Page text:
Remember, our lives were designed with purpose, and God wants to use us in many ways as instruments that bring Him honor and glory in the earth. But to do so requires that we make ourselves available. Buying a home may be part of that plan, and it certainly will make the buyer feel as if they accomplished something important. So expect God’s favor on such an acquisition. However, do not let this goal undermine your willingness to serve Him as He directs (Proverbs 19:22) nor compromise your ability to respond to His will for your life.



    In the end, by using one of these options you may avoid incurring high, long-term debt that could derail your efforts to make other more important purchases relating to your “P,” and that demonstrate poor overall stewardship of what God has entrusted to you. In Part 3 we will discuss more Do’s and Don’ts.


    ENDING THOUGHTS:

    1. Is this helpful? Please let me know in the comments below what you’d like to watch and read more of.

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    Wednesday, September 4, 2013

    “Count the Cost” Of Becoming A First-Time Home Buyer (Part 1)













    For which of you, desiring to build a tower, does not first sit down and count the cost, whether he has enough to complete it? Luke 14:28-30 ESV


    Ever watch any of the cable-network shows that feature first-time home buyers in the process of being shown potential homes? One of the more popular of these reality shows refer to its buyers as “Property Virgins.” Oftentimes these episodes feature young couples (or families) somewhere between the ages of 22–30 which, in this day and age, symbolizes early achievement towards attaining the coveted American Dream.

    The episodes generally start out innocent with each potential buyer-couple being shown at least three different properties. The host starts with a brief overview of the home-buyer’s qualifications for a loan followed by a description of their dream home. This means they are looking to satisfy their wants, desires and aspirations in this first-time home buying experience. This is why, in my view, the home buying process becomes suspect, at least to me.

    Think about it. A young couple usually both employed at fairly new jobs, usually well-paying jobs, are asked to describe the type house they are looking for. What often surfaces as common among all the property virgins is a desire for a home with no less than 3-4 bedrooms, at least as many bathrooms and a kitchen with all upgraded amenities. The husbands typically look for the must-have man-cave or a basement-room where he can set up the equivalent of an exclusive men’s club. Even couples without children ask for guest-rooms as large as a typical master suite so that the bundle-of-joy they know will someday arrive will have plenty of space for growth.

    When Is Enough Really Enough?


    In all, these property virgins are typically shopping for a first home ranging in price from $250,000 - $400,000, and interior space averaging between 2,000 - 3,000 square feet. Some of these buyers even seek up to 5,000 square feet of habitable space because: 1) they feel they can afford it (and deserve it), 2) it signals to others their perceived economic class and, 3) they believe lots of space is needed to entertain friends and family today, and to raise a family many years into the future. I consider this process suspect because one essential ingredient that is never shown is whether these couples receive any home-buyer counseling beforehand … and, if not, why not?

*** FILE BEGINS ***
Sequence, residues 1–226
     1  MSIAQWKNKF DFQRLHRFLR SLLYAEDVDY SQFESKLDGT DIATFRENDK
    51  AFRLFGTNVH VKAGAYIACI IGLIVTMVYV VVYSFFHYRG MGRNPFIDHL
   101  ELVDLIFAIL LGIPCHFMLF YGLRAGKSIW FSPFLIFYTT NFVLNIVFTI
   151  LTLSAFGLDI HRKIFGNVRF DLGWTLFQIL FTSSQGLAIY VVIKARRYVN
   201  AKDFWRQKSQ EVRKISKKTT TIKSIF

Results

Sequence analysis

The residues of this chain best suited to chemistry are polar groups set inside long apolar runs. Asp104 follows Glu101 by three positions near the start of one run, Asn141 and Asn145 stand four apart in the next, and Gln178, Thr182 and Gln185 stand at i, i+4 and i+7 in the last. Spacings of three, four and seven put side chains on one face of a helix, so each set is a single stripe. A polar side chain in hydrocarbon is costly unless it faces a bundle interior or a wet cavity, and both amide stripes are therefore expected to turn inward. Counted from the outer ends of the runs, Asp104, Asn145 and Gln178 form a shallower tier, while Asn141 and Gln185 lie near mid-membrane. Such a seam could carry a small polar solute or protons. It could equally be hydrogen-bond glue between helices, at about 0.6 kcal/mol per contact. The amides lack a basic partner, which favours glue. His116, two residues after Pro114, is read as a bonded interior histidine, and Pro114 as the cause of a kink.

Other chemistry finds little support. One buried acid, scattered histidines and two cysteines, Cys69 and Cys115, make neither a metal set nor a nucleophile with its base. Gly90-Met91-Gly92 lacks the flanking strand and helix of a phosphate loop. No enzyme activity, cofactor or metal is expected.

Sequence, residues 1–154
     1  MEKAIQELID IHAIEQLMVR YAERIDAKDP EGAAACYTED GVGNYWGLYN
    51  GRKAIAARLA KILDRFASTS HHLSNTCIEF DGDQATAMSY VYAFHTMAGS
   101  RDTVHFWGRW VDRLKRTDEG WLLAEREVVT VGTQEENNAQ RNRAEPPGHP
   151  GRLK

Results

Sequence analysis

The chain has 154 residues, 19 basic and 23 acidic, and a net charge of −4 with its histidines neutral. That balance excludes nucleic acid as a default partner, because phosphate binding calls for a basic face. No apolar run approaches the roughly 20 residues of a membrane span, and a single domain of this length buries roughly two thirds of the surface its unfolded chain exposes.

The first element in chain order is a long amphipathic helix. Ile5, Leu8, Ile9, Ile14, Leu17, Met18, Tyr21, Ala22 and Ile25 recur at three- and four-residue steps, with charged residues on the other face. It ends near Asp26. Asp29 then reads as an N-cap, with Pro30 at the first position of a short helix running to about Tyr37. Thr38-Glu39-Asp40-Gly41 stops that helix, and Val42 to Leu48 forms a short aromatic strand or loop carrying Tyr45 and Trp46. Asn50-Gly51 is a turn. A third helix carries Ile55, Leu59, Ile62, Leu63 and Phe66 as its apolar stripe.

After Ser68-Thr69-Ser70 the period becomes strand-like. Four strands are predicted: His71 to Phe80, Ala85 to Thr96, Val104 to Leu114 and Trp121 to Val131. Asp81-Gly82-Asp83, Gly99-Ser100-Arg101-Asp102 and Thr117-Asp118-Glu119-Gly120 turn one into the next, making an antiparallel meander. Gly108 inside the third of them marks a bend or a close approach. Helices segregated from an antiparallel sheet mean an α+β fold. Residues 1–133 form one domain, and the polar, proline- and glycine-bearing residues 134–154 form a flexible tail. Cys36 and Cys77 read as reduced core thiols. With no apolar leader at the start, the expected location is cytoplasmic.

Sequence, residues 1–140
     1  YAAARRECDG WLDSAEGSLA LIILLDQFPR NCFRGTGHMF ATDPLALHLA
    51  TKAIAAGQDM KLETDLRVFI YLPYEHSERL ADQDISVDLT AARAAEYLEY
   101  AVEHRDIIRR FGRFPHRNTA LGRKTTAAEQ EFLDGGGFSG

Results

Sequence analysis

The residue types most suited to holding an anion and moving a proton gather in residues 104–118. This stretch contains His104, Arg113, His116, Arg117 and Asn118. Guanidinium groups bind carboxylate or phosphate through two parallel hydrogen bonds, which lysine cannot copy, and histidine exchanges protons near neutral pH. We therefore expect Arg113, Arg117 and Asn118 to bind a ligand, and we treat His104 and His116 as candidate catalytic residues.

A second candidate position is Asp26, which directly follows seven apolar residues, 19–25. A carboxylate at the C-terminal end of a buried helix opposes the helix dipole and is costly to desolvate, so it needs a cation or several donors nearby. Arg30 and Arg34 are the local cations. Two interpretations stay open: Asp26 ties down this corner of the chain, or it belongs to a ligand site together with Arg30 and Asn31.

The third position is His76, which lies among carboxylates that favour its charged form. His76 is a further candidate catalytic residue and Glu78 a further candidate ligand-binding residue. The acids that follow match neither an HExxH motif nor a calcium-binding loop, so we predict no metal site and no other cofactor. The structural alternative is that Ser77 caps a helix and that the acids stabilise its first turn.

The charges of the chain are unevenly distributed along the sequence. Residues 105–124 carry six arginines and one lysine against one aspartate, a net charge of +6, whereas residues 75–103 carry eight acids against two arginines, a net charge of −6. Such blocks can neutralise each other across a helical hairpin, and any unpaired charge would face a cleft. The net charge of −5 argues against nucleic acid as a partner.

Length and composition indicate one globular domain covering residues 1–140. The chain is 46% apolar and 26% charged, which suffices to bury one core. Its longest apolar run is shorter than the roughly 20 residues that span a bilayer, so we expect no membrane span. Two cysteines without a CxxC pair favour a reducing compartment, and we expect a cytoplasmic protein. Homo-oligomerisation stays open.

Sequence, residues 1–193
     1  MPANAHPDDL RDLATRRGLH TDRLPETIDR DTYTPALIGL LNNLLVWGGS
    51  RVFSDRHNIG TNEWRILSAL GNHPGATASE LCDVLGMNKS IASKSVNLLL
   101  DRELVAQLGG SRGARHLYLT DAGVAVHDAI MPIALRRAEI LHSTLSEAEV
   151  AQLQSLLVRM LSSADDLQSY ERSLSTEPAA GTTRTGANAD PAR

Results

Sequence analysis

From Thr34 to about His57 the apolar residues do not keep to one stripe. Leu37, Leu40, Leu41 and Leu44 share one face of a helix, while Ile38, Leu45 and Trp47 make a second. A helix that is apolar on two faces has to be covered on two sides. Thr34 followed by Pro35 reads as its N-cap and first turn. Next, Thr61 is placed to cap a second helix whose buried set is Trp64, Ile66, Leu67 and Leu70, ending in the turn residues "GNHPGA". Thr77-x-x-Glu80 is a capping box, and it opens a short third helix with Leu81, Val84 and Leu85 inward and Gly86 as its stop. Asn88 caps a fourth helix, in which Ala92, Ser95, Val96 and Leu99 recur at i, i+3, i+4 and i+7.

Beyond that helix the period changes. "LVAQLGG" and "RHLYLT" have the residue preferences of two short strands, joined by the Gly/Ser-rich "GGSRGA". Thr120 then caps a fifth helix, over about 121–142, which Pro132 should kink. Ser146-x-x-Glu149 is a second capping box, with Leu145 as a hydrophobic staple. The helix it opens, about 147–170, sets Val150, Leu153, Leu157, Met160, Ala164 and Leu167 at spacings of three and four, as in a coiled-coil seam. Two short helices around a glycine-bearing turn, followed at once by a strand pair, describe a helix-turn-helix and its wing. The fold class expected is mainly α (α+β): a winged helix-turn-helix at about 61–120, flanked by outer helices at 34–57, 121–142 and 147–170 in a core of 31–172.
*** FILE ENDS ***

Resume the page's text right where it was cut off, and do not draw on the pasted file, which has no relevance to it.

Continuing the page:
Financial counseling would ensure that each potential buyer is not just financially qualified to obtain a mortgage but that they also understand the many factors that affect home-ownership both near-term and in the years to come. For example, when setting your sites on a home you consider your dream home, yet you are only 25 years old, you should consider the following statistical facts about home-ownership:

    1. According to the U.S. Census Bureau, among many sources, half of all first-time marriages in the U.S. end in divorce, and often because of financial differences.
    2. According to the OMB (Office of Management and the Budget) and the IRS (Internal Revenue Service), the median annual income in the U.S. over the past decade has hovered around $49,000. And that includes two wage-earner householders. Divided over 12 months, this implies an average gross income of $4,000 a month.
    3. According to Fannie Mae and many real estate industry experts, the average length of home ownership (among first-time home-buyers) in the U.S. is six years. Better employment opportunities, military service, divorce and separation (as shown in Fact #1), even extended job lay-offs are the common reasons for this short-term ownership. Another reason is to upgrade to a bigger, more expensive (or rightly suited) home.
    4. Because of the recent Great Recession (2007-present), the national unemployment rate is still above the historical—and preferred rate—of 6.5% This reflects the continued malaise and lack of confidence among the business community, and the lack of steady and certain employment which has been at the heart of increased home foreclosures and loan defaults.

    These are just four of several considerations that make a commitment to repay a 30-year mortgage a decision that deserves more thought than whether the property is affordable today. With the popularity of reality TV shows and the aggressiveness of realtors who are always out to make a market even under the worst of economic circumstances, purchasing homes without serious consideration of these facts has been bolstered, even encouraged by these realty influencers. To these two prominent forces, there is always a buyers’ or sellers’ market to promote, no matter the economic climate. So, truth is, it is just a matter of selling the benefits of same to the public. Never mind that 3-4 years into home ownership any number of things can go wrong, even to no fault of the home buyers.



    Remember, one or both new home-buyers could be laid-off. One or both could get ill and incur a long-term illness. And, worst, one or both could be fatally injured. Homeowner’s insurance can make a huge difference where the mortgage balance is concerned, but will it provide enough (given such young ages) for everything else they will face in the decades to come?